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SoCal beach cities

Dates: Various.


Route: Fly into San Diego and drive.


Southern California (SoCal) is full of small beach towns that offer chilled, weekend getaways or a great place to work. They are identical in that most have piers that jut into the ocean and that is the main attractions. While there are many small ones, we have listed our favorite ones. Most of our time in these places was spent on the weekends whilst living in San Diego during the terrible Seattle winters. Each make a getaway on their own but can easily be combined with a visit to San Diego or LA. The only item of note is that most restaurants close at 9 or 10pm so get there relatively early after sunset. We have ordered the below as one would find them driving north from San Diego.

(Click on the link below for our YouTube video on these cities)

Carlsbad and Oceanside

Carlsbad is the closest beach town to San Diego and, while nice enough, not really worth a visit. If you are pressed for time, go there and you can walk (~3.3 miles) to Oceanside. The beach walk is nice enough though there are a lot of houses along the beach and above it. Oceanside was our least favorite of all the beach towns and one not worth going to unless you couple it with Carlsbad due to time. It does has a very long pier and a waterfront area but it is too crowded and commercialized.

San Clemente

This is a nice beach town that has all the signature SoCal elements but is also clean and not as crowded. There are places for surfing and swimming and also just walking along the beach. The town itself is quaint and has a Spanish feel to it. We ate at The Cellar twice as it offers really good SoCal food, wine, and beer. There are many small shops along the main street, Avenida Del Mar, which also leads to the beach. Best way is to go spend the morning at the beach, have a late lunch and then head to Laguna Beach for sunset and dinner.

(Click on gallery images below for details)

Dana Point

A stop along the way to Laguna Beach from San Clemente, Dana Point is home to many retirement communities and multi-million-$ homes. There is a great ice cream place along the harbor which is just a short walk. We found the best views of Dana Point up high near the Blue Lantern Inn which looked like a lively place to stay. The nearby Dana Point Hilltop park offers stunning views of the harbor and the coast beyond. We took a nice drone video from here.

Laguna Beach

Our favorite beach town in all of SoCal, Laguna as quintessential European charm underneath its California, sun-kissed exterior. The beach welcomes you with the lifeguard tower and miles of trains and parks. We found the north end of the beach offers the best views for sunset and there are many large rocks to sit on and watch it. This town is an artist’s haven and it shows on every street. Art galleries about with our favorite one being Kush Fine Art, home of paintings from Vladimir Kush, a surrealist painter who’s work is like a bolt of lightning to your imagination. Just down from it is the Brussels Bistro which has a great selection of Belgian Beer and food. If Belgian is not for you, try the excellent Alessa which is two doors down and is a lively Italian restaurant. Laguna is a food lovers paradise and there are many other restaurants to choose from. There are also some bars and clubs if late night partying is your thing.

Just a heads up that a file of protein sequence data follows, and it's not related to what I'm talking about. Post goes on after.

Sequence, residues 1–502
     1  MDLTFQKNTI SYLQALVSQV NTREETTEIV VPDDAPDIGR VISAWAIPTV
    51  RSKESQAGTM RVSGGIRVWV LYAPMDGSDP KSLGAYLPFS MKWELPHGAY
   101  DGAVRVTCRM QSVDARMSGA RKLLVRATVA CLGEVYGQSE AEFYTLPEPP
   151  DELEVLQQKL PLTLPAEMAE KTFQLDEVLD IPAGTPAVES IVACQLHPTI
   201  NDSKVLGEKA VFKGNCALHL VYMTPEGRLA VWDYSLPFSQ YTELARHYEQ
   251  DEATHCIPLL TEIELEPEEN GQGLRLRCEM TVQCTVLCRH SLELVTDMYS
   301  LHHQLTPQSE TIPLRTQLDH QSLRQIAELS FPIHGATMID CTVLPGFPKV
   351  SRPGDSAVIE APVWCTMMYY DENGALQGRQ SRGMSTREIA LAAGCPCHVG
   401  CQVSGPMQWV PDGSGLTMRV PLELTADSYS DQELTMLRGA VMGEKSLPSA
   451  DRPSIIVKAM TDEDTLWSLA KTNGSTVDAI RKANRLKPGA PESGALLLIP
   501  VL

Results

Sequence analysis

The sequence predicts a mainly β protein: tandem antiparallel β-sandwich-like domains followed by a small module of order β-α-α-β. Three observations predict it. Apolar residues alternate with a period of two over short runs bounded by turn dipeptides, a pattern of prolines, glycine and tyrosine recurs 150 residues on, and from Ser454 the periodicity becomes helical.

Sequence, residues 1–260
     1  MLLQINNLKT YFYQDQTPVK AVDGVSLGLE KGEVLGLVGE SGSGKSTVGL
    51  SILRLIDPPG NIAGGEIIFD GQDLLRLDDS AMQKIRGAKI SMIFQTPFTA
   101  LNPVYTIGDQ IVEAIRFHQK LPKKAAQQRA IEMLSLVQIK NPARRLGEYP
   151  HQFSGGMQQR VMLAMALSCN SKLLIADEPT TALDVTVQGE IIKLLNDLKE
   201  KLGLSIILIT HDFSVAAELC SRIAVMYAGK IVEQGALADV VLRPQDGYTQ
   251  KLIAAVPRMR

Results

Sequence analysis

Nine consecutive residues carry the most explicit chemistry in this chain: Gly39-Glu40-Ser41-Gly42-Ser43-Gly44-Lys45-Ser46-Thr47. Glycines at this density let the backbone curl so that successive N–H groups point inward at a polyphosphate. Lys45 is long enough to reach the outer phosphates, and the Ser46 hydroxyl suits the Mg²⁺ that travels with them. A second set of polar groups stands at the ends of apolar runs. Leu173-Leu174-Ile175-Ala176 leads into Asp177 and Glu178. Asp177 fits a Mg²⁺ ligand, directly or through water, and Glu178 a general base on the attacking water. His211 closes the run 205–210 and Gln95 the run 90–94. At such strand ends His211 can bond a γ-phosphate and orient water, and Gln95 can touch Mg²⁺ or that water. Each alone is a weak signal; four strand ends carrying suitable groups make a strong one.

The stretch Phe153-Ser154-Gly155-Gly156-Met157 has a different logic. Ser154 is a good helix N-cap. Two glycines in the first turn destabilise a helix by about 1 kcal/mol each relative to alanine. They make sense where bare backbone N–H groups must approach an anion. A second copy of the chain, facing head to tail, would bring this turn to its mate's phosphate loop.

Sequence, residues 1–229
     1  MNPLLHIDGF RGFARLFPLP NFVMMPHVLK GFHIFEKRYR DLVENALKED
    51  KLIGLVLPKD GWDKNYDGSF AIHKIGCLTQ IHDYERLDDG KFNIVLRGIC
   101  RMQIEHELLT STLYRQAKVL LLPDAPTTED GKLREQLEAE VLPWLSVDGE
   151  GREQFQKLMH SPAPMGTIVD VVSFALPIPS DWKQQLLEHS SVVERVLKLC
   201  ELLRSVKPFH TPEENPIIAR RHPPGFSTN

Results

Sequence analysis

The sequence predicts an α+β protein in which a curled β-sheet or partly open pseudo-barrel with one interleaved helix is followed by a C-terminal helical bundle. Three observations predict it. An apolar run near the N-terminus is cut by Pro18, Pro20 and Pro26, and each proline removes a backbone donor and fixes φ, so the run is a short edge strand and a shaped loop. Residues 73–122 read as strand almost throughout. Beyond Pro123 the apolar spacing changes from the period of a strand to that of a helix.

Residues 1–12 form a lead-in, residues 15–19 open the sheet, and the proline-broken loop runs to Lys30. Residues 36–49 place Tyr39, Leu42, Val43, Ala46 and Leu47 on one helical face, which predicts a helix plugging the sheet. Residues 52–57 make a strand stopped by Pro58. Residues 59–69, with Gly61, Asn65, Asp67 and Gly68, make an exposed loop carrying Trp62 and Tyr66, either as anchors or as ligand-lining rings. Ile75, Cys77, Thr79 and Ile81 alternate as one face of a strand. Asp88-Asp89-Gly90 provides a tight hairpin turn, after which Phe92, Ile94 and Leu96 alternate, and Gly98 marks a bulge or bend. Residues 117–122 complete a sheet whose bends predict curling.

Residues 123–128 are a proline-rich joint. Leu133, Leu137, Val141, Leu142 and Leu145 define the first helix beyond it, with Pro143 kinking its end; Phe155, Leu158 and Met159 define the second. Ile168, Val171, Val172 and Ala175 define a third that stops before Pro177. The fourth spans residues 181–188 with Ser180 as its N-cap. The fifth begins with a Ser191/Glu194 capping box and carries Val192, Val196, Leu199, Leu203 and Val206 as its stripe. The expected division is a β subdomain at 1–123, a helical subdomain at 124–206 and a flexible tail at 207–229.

(Click on gallery images below for details)

Newport Beach

This is a large beach that is at one end of the Balboa Peninsula and is relatively less crowded. The main beach area has a few lively bars and beach shops. A trail runs along the beach to the southeast and leads to Balboa Pier where ferries leave for some of the coastal islands. Walking inland from the pier one can find an eclectic collection of rides and shops in the mini amusement part that is Balboa Fun Zone.

(Click on gallery images below for details)

Huntington Beach

This is probably our second favorite after Laguna Beach. The long pier is crowned by a red-roofed restaurant that makes it easily recognizable. The beach stretches endlessly to both sides of the pier while the main town starts at the Highway 1 side of the pier. There is a sand bank that runs along most of the north end of the beach and we spent most of our day just lazing in the sun and doing much of nothing. The north side is also filled with surfers and you can get some really good views from the pier. Huntington is all about surfing and tires to lay claim (along with Santa Cruz) to the title of “Surf City”. Most of the shops lining Main St. are all about surfing, everything from boards to all manner of clothing. There is also the International Surfing Museum which charges a nominal fee of $3 to learn all about the history of surfing. We spent an entire day here and had lunch at the excellent Coach’s Mediterranean Grill. We also found an amazing place to sample California wine and cheese at the Main Street Wine Company.

(Click on gallery images below for details)

Maibu and El Matador State Park

As part of our drive from San Diego to San Jose, we decided to explore Malibu. While the coastal drive to Malibu from LA was beautiful, traffic is bad and the drive is long because of it. While Malibu itself is nothing to get excited about, we did find a beautiful beach at El Matador which is about 6 miles west. There is little parking there, so we parked on the road like many others. The trail is short but steep and there are stairs at the end. Coming down, there are fantastic view of the sea stacks and the arch to the north. While the beach does get crowded later in the day, especially on weekends, a leisurely walk south-east along the beach is beautiful and you will get to see all the oceanfront houses that Malibu is known for. There are a lot of wedding pictures taken here so be prepared for that.

(Click on gallery images below for details)